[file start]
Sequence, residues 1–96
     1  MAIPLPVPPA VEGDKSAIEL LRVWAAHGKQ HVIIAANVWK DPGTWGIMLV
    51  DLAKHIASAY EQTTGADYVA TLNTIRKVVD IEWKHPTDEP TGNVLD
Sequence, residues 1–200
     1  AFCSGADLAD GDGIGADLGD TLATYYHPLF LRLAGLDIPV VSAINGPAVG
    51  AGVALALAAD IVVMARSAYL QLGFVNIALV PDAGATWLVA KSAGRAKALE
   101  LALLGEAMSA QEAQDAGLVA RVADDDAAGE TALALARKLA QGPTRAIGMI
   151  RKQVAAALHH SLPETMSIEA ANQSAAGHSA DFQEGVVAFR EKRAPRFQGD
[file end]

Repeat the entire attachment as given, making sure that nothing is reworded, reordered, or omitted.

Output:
Sequence, residues 1–96
     1  MAIPLPVPPA VEGDKSAIEL LRVWAAHGKQ HVIIAANVWK DPGTWGIMLV
    51  DLAKHIASAY EQTTGADYVA TLNTIRKVVD IEWKHPTDEP TGNVLD
Sequence, residues 1–200
     1  AFCSGADLAD GDGIGADLGD TLATYYHPLF LRLAGLDIPV VSAINGPAVG
    51  AGVALALAAD IVVMARSAYL QLGFVNIALV PDAGATWLVA KSAGRAKALE
   101  LALLGEAMSA QEAQDAGLVA RVADDDAAGE TALALARKLA QGPTRAIGMI
   151  RKQVAAALHH SLPETMSIEA ANQSAAGHSA DFQEGVVAFR EKRAPRFQGD